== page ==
Prof. Niko Beerenwinkel

Institution: ETHZ, Zürich, D-BSSE – Computational Biology Group (CBG)

Link to lab page:

Field of Research:



We are active in the fields of computational biology, bioinformatics, biostatistics, and systems biology. Our activities include the development of mathematical and statistical models, their efficient implementation in computer programs, and application to biomedical problems. We are interested in disease-associated biological networks and in pathogen evolution associated with disease progression. Our ultimate goal is to predict the effect and to support the design of medical interventions in complex, rapidly evolving, biological systems, such as virus populations, bacterial colonies, and tumors. We make use of high-throughput molecular profiling data and apply high-dimensional statistical modeling in order to study intracellular as well as intercellular biological networks and to predict the effect of genetic alterations. We model the evolutionary dynamics of pathogen populations to investigate virulence, disease progression, immune escape, and drug resistance development. Our models aim at understanding evolutionary escape and improving diagnostics, prognostics, and rational treatment design. Niko


Specific Contribution to research in TargetInfectX:

In this project, we aim to understand the signaling cascades that are triggered in host cells upon infection. Our goal is to construct probabilistic models of the cellular network responsible for pathogen sensing and inflammation and to identify host proteins as new potential drug targets.
We analyse the RNAi infection screens performed by different groups involved in InfectX. These intervention experiments shed light on the set of host proteins involved in the signaling pathway and on epistatic interactions among them. Thus, RNAi screens offer indirect evidence of the structure of the underlying signaling network. We develop statistical methods for the analysis of RNAi data. This includes correcting off-target effects, ranking of genes to identify primary hits, reconstruction of signaling pathways, comparison of entry mechanisms for different pathogens, and analysis of single-cell imaging data.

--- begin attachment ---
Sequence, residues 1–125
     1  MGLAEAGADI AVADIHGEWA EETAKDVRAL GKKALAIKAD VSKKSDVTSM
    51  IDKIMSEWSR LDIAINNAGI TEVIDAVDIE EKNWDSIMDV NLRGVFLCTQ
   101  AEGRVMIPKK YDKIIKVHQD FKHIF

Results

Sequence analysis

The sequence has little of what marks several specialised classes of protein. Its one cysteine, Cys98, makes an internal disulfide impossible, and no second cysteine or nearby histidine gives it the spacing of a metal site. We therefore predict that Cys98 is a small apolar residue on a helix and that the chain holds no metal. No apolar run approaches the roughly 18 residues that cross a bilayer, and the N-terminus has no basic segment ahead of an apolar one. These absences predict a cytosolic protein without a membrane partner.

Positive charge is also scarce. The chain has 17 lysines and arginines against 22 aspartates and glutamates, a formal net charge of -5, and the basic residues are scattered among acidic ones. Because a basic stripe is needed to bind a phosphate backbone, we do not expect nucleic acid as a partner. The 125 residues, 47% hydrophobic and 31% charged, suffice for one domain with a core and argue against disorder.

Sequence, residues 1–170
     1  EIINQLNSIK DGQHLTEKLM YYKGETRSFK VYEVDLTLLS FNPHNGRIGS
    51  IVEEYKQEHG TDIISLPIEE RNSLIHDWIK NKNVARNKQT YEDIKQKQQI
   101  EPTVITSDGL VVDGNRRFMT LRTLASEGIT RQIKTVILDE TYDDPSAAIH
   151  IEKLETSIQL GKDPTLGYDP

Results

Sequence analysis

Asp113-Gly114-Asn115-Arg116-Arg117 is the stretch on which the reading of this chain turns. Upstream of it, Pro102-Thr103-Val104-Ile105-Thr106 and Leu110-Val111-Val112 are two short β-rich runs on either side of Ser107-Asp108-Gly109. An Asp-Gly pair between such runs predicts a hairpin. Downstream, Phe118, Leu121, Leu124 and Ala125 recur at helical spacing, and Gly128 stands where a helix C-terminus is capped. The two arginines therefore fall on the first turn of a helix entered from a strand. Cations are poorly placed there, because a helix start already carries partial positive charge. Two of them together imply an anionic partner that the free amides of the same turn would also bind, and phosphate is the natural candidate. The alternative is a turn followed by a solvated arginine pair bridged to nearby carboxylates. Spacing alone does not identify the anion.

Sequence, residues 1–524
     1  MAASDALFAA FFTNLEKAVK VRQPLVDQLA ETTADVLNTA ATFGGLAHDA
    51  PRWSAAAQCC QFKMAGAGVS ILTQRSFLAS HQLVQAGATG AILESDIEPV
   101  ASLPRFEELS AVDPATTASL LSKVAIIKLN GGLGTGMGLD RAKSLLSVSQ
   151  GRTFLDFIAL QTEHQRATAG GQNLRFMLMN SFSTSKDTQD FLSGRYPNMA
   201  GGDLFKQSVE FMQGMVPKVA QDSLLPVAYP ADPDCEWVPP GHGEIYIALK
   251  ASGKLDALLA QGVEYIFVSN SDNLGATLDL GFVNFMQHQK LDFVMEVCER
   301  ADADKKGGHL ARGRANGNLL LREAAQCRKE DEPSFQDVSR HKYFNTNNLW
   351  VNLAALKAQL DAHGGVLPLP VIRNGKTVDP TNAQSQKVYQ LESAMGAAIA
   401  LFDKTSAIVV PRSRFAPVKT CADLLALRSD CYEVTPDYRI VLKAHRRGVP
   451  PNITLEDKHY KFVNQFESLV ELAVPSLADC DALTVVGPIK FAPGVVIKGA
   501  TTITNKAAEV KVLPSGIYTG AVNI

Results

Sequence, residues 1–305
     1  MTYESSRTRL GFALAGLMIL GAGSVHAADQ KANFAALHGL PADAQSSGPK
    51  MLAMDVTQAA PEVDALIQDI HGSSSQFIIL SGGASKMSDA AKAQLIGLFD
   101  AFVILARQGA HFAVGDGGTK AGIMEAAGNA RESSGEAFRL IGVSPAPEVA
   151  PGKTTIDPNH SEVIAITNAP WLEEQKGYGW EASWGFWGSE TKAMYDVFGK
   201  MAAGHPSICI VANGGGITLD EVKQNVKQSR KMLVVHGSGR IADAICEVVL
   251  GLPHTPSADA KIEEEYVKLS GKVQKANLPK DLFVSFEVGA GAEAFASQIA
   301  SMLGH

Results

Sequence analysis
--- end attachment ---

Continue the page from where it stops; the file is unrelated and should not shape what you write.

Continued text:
Lab Members involved in TargetInfectX:

Martin Pirkl, PostDoctoral Fellow


Simon Dirmeier, PhD Student


Sumana, Srivatsa, PhD Student

Pathway reconstruction has proven to be an indispensable tool for analyzing the underlying molecular mechanisms of a cell. There are existing probabilistic graphical models, which have been designed to reconstruct pathways from high dimensional observations resulting from RNA interference (RNAi) experiments. These models assume that the short-interfering RNAs (siRNAs) designed to knockdown specific genes are always on-target. However, in reality most siRNAs exhibit strong off-target effects, which further confound the RNAi screen data, thus resulting in unreliable reconstruction of networks. Sumana is trying to use this combinatorial knockdown data as a result of siRNA off-target effects to accurately infer the underlying pathway